The morning of Mike’s surgery it snowed. We got dressed and out by five-thirty and walked away from Hellgate Bridge a few inches apart, because if I touched him it would hurt. A train screeched above us. Under the streetlights of Ditmars Boulevard it was a damp, orange, phosphorous cold.
“I’m going to kill Clark Jones,” said Mike. “Six months of recovery, that’s a long time to strategize.”
“Don’t kill Clark Jones,” I told him.
“He’s dead,” he said.
“I’m hungry for breakfast,” I said, bleary, imagining the greasy crunch of a sausage.
“Me too, doll,” said Mike. “But if I ate breakfast I’d vomit under the anesthetic and choke on my vomit and die.” He sighed through his nose.
“Right, Chief,” I said. “Even without the breakfast, you might die anyway.”
“Thanks, baby.” When he says it that way, hurt and sardonic, that’s when I hate him. It was arthroscopic surgery for a shoulder, which he hurt doing martial arts.
“I really have to have breakfast,” I said. Snow collected under the collar of my jacket.
The flakes were in Mike’s hair. “You know what else you really have to have, Kitten,” he told me in the fratboy voice.
“No, what else?”
In the cab to the hospital we said nothing.
Mike made the hospital clerk laugh while he was in the room off the waiting area, signing DNR certificates with his left hand, with a squiggle. I fell asleep on a chair after he went inside. I had a long dream that my father was alive again and frowning at me over a barbed wire fence, disappointed.
Much time passed. Finally they called me in to get him.
The recovery room was yellow and so was Mike’s skin—they’d had him out for two hours. There was a giant bandage on his shoulder that made it bulky like an action figure’s, but he looked small in the short hospital gown and socks, his chest streaked with iodine. An orderly named Eleanor Paredes gave him a can of apple juice; he sucked the straw listlessly. She left, drew the curtain on us. Mike looked up at me and drawled, “I want to get the fuck out of here.”
Mike is irresistible, though— a skinny guy with worried eyebrows. He likes to hustle poker, does not own a TV, and carries a handkerchief around for his allergies. His apartment is directly under Hellgate Bridge; he gets it cheap because a train shakes the building six times a day. The last time he had the flu, I was making rice for him when I heard him retch prodigiously into his wastebasket. The train crashed over us at the same time that Mike puked, its thunder mixing with Mike’s esophageal roar. I let the floorboards rock beneath me and thought, With the force of you, train, charging and steaming. That’s how I love this man.
“We’ll bring you home, baby, get you a cup of soup,” I said. Mike shivered and lowered his eyelids slowly, like he hadn’t heard me. There was a shitty-looking hospital blanket draped over his recliner; I spread it over him, trying not to look at the IV.
A minute later I was sitting down, reading the orgasm questions in Redbook, when he answered. “I don’t want soup,” he said. “Pancakes.”
“Okay, Boss; pancakes,” I said. “Whatever you need.” I, too, was still hungry for breakfast, which I hadn’t managed to get yet. My hand found his, south of the action-figure bandage. I stroked his knuckle with my thumb.
“I can’t feel that,” he said.
So I stroked the back of his other, non-anaesthetized hand.
“That’s not working either,” Mike said after thirty seconds. “That makes me feel like throwing up.”
“It does?” I said, alarmed.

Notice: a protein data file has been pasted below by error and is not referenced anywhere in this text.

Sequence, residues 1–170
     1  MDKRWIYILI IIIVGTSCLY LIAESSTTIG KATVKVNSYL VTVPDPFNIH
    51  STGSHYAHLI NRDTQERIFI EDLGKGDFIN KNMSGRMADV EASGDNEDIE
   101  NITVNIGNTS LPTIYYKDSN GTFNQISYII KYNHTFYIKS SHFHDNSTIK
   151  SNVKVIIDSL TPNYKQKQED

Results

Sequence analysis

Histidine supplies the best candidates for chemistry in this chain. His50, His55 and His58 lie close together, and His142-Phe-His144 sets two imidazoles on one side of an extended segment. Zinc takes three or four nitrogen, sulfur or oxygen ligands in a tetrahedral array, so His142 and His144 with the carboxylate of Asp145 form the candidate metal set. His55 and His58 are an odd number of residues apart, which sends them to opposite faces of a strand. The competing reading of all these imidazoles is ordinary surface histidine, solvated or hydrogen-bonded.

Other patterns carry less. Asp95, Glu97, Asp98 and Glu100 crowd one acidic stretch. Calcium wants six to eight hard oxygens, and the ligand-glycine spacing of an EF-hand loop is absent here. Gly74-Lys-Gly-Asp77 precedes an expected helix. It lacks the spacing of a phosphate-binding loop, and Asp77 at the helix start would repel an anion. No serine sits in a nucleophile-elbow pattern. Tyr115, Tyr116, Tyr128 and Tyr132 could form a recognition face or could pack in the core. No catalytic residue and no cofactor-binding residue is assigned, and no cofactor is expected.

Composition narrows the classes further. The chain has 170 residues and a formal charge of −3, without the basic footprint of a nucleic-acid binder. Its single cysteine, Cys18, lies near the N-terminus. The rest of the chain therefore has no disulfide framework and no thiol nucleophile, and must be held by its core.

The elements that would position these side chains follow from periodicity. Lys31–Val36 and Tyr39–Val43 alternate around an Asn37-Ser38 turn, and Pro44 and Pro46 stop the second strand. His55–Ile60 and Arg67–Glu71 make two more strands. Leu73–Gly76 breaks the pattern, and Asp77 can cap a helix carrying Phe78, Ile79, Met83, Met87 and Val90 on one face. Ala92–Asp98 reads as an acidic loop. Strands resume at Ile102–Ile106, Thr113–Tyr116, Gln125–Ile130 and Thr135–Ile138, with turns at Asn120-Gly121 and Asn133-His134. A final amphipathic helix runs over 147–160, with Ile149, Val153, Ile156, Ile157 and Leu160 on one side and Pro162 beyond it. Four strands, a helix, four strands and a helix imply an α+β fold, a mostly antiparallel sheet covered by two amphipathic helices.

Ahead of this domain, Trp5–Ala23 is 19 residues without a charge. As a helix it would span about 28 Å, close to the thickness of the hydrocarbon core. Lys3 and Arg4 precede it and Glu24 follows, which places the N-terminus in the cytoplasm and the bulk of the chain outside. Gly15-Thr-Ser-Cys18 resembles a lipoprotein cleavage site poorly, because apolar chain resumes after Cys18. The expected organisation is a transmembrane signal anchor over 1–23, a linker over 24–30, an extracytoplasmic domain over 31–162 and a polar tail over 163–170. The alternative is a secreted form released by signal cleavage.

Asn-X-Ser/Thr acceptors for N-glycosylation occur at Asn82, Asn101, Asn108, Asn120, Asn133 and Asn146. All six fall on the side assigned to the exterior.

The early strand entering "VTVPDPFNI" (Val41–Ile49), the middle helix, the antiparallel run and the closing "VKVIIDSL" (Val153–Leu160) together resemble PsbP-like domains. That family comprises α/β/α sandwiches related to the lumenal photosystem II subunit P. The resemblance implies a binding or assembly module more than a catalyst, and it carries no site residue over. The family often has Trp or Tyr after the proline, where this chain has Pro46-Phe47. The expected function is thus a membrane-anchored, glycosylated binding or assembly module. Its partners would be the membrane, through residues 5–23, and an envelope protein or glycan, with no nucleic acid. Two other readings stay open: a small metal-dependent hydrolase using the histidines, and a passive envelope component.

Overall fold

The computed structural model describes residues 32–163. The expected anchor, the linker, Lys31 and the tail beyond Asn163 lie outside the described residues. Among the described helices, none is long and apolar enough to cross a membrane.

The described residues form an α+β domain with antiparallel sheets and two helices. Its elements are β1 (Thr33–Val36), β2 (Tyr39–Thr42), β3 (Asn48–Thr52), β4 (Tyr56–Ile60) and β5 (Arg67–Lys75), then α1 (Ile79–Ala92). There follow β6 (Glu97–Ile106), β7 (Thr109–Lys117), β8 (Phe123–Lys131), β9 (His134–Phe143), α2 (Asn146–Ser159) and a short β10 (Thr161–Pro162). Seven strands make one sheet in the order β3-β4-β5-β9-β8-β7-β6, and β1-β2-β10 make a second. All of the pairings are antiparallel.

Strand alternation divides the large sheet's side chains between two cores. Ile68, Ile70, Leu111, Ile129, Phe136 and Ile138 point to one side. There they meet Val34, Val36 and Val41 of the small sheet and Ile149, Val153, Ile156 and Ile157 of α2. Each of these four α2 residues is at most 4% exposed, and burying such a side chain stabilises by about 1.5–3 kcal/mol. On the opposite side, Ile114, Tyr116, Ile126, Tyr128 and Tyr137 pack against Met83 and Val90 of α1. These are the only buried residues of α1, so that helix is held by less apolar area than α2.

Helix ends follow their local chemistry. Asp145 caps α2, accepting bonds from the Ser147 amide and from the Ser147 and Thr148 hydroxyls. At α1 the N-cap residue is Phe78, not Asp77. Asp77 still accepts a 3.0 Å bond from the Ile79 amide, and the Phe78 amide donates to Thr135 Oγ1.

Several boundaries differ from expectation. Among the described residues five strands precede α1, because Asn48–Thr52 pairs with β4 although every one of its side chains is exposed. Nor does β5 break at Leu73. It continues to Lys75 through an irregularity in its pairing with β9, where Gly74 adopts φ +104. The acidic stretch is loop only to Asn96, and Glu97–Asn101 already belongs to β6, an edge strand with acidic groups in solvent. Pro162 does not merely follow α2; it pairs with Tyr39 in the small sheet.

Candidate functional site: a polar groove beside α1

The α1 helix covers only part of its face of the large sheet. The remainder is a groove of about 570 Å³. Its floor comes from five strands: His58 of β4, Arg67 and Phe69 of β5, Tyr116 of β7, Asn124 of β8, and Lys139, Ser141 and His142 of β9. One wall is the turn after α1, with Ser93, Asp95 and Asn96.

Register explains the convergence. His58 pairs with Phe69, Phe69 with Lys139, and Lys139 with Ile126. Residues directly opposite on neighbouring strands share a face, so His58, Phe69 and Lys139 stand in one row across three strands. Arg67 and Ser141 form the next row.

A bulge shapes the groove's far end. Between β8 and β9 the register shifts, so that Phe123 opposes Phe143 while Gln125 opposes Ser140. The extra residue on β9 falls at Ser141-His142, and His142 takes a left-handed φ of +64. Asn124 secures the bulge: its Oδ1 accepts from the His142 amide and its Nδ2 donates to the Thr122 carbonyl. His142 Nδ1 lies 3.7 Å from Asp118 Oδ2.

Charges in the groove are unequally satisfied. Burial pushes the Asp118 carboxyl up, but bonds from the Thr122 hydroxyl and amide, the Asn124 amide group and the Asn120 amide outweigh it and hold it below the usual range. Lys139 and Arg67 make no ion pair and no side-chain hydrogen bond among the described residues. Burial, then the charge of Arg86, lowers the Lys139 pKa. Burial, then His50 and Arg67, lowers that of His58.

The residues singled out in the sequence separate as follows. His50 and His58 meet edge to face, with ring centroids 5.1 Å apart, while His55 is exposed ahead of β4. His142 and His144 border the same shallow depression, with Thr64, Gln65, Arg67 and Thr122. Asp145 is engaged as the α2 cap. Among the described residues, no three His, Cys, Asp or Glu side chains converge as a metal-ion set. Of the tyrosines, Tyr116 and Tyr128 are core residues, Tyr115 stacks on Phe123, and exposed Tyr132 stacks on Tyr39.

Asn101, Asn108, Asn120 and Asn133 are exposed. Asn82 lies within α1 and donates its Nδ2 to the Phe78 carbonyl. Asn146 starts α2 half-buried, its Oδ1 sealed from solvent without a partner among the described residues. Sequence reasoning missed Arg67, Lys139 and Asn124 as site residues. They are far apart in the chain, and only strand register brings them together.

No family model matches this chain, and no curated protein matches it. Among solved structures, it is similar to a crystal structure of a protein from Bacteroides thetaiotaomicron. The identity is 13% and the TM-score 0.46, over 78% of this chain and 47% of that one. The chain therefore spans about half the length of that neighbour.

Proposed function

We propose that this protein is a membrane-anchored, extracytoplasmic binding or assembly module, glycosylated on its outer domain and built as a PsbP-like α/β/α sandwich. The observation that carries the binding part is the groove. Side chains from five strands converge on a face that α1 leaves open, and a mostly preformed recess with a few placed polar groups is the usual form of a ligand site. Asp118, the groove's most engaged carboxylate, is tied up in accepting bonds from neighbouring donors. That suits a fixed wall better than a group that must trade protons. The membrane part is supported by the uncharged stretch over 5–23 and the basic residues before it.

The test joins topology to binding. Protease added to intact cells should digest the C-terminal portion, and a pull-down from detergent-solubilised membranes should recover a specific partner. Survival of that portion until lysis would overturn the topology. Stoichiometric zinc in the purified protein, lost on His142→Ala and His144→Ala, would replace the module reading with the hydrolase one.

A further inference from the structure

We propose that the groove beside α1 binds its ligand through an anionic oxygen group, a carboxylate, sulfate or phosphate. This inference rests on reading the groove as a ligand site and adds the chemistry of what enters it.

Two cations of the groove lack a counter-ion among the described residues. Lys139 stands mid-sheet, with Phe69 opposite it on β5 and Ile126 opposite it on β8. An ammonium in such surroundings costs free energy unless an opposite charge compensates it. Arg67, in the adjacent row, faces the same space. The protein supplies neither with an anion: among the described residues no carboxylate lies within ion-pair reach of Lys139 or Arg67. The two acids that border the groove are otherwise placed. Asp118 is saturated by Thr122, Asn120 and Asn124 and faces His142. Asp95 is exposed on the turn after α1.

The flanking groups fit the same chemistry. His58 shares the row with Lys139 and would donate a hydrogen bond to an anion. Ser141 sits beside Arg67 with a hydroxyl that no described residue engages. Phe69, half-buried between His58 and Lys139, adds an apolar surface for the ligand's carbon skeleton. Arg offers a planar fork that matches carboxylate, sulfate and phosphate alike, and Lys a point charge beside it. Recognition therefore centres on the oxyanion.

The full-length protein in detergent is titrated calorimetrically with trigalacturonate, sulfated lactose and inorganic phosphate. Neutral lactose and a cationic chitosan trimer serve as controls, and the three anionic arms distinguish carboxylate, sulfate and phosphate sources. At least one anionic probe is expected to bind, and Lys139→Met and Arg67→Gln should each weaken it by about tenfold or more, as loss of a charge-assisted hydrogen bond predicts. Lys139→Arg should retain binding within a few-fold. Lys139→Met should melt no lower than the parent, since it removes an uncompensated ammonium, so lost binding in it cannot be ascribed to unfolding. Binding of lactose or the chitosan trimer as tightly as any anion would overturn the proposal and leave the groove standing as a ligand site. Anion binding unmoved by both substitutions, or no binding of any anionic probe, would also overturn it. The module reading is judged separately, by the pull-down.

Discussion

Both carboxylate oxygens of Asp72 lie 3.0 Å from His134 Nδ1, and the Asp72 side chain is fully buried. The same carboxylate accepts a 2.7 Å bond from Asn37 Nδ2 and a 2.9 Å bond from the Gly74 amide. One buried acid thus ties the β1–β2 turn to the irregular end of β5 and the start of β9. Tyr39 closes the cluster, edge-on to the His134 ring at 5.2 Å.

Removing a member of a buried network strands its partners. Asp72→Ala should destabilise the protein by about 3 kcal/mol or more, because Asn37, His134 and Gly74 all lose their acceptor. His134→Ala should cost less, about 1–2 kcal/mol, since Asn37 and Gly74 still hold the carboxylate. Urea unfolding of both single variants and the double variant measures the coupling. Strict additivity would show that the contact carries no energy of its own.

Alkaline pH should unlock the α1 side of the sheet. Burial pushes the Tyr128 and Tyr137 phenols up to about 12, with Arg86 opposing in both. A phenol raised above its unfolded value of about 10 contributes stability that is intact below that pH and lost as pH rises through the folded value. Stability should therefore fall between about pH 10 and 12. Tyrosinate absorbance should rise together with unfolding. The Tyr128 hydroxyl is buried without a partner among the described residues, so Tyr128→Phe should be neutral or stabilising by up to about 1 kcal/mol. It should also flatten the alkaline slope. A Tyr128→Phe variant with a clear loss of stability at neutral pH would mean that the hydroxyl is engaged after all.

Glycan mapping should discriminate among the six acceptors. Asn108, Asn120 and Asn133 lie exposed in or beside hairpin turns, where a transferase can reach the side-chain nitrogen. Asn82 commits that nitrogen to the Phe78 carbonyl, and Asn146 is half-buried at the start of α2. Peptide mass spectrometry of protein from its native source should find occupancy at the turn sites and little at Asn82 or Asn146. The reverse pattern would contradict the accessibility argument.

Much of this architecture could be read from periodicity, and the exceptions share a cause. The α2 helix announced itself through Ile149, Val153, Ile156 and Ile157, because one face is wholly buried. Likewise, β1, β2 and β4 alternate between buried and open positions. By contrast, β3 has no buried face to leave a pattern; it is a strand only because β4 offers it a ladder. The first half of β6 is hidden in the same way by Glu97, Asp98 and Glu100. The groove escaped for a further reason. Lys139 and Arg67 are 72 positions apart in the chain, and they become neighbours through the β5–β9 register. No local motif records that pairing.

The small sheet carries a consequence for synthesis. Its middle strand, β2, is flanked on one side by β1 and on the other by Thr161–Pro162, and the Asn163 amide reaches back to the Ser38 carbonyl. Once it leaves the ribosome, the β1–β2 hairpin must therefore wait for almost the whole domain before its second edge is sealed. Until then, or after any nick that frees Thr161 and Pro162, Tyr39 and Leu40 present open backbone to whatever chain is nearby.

“Yeah, it has akind ofdevastating effect on me. Sorry, Kitten.”
“You know what else has a devastating effect on you,” I muttered.
Eleanor Paredes heard us laughing and tore back the curtain with release forms. Her scrubs had toy trains on them. Pointing the pen at my nose, she asked, “What is his relationship to you?”
Sister, I told myself. Your eyes and hair are the same color. Say you’re his sister.
“Honey?” Mike pushed his lip out.
My head jerked back to Eleanor Paredes. “I am his girlfriend,” I said, hands clasped over my knee.
“Bad news for you,” she said, and handed me a piece of yellow paper. The doctor had written that Mike couldn’t have sex for five days.
In the cab back to Queens we said nothing. The windshield wipers pushed snow back and forth, and I remembered how much my father used to hate illness. He once screamed at me for vomiting down his back while he was carrying me. I was three.
At the market, water ran off my sneakers onto the aisles. Clark Jones was there— he came up behind me, grabbed me around the waist, and lifted me a foot into the air. I yelped, exhilarated. The other shoppers stared at us.
“So it’s six months of recovery?” Clark said. “How did he do it?”
I was not too embarrassed to tell him the truth. “A big man fell on top of him in jujitsu class,” I said.
Clark bent back and laughed at the neon lights. When he’d recovered he said, “I have two questions. How long has Mike been rolling around with big men? And, when are you gonna start rolling around with big men?”
“I’m about done with this conversation,” I said. I needed buckwheat mix, blueberries, eggs.
Clark said, “He’s lucky to have you, Sugar.”
“I know,” I said.
“Seriously,” said Clark Jones. “You’re a great beard. Guy’s got a beard like Charles Darwin.”
Clark left. As I walked through the aisles getting the groceries, I thought of poor Mike, lying in bed on his back, breathing in and out. I suddenly understood that something was changing. It was a slow change, but inexorable. I dreaded it.
On the way home, my feet got even wetter and colder in the snow. I noticed the butcher shop and splurged last-minute on a pound of sausage, pink gristle stuffed so tight into its casings that they almost burst.
AMANDA NAZARIO has an MFA in fiction writing from The City College of New York, where she works as a writing tutor. She is also a dog walker in Manhattan. Her stories can be seen in Harpur Palate, Pindeldyboz, failbetter, and Alligator Juniper.